'Confidential US security documents' flaunted online

Information from the US Department of Homeland Security appears to have reached the public domain via Google's Web cache
Written by Dan Ilett, Contributor
A Web site has published what it claims are confidential documents from the US Department of Homeland Security relating to possible terrorist activity.

The information appears to have reached the public domain via Google, illustrating how the search engine can be used to uncover links to confidential information online.

ZDNet UK alerted the Department to the security breach last Wednesday after seeing the documents, which were still available on Monday. Homeland Security officials have declined to comment on the matter.

The documents contain reports of suspicious activity in the US, such as water supply tampering, an airline pilot being attacked with an axe, and bomb threats.

The documents begin:

According to the Web site hosting this information, the Department of Energy accidentally published the documents online. They were then discovered by Google and added to its cache of Web content. The mistake was subsequently spotted and the documents taken down, but the Web site owners were able to use Google to find the documents in its cache, and copy and publish them.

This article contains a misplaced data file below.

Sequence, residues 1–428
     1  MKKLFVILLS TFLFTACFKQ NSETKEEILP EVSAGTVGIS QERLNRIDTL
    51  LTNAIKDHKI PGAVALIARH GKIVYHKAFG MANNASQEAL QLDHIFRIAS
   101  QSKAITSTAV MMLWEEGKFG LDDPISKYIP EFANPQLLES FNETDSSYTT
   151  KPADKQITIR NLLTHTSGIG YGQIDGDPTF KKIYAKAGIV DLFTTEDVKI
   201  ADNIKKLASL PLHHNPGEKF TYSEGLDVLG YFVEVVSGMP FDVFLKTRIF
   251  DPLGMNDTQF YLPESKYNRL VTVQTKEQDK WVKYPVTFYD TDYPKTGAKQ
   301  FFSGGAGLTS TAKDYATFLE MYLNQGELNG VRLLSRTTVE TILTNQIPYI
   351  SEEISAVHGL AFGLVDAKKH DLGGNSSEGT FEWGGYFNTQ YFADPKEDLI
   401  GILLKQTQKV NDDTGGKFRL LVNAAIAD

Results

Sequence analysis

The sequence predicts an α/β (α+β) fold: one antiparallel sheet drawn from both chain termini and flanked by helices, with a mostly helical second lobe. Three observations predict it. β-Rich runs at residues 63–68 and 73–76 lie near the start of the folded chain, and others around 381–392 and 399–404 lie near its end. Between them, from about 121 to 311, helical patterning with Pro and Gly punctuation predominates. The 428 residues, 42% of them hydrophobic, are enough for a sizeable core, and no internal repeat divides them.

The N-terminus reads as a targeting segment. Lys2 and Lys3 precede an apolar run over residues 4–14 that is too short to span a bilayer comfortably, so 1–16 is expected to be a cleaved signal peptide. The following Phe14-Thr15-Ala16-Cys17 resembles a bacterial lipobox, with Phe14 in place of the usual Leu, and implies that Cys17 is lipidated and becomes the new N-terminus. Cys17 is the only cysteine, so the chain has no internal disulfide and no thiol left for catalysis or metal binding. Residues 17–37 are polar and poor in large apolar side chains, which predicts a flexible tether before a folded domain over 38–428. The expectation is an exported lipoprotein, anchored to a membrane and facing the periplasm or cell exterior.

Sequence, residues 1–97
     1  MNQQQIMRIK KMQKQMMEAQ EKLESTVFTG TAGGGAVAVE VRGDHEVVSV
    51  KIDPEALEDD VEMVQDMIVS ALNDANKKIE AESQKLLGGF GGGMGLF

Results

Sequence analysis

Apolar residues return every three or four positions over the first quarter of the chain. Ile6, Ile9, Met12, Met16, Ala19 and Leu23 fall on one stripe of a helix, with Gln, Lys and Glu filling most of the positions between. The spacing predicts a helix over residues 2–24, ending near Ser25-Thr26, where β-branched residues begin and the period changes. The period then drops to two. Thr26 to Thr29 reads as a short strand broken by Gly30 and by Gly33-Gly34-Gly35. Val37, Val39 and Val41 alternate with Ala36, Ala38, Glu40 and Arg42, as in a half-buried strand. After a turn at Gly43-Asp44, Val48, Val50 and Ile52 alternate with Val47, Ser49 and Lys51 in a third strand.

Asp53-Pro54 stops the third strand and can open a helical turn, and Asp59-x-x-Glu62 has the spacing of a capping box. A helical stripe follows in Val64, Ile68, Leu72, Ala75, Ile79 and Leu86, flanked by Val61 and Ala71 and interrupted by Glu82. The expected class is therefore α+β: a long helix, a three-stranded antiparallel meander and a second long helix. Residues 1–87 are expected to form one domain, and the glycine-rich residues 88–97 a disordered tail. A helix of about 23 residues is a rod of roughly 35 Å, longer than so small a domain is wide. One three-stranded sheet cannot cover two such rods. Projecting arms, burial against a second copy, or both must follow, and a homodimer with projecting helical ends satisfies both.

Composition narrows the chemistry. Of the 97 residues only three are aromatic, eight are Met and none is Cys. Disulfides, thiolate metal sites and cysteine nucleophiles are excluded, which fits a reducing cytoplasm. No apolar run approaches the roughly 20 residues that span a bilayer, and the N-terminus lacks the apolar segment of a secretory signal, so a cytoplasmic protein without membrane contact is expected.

The Web site's administrators wrote: "A person pointed out many of these [documents] plus a few others were available in Google caches. [Web site name] found numerous HTML conversions in the Google caches, although none of the original PDFs were accessible. The original Google source site, XXXXXX, appears to have been withdrawn... many of its Web offerings remain online as cached files."

Google hacking -- accessing confidential data from publicly available links on the search engine -- is set to become a big problem this year, experts have predicted. Security company CyberTrust has warned that Internet-connected devices, even Web cams, must be treated as a potential security threat.

The administrators also wrote that a person claiming to be from the Department of Energy had telephoned them, asking that the documents were removed.

"We said no," they wrote. "He said, 'I didn't think so. But the briefs are for official use only, couldn't they be removed?' We said no, the briefs provide good public information. He said, 'okay, thanks for talking to me.' A courteous Homeland Security contractor, that's good news, unlike the briefs."

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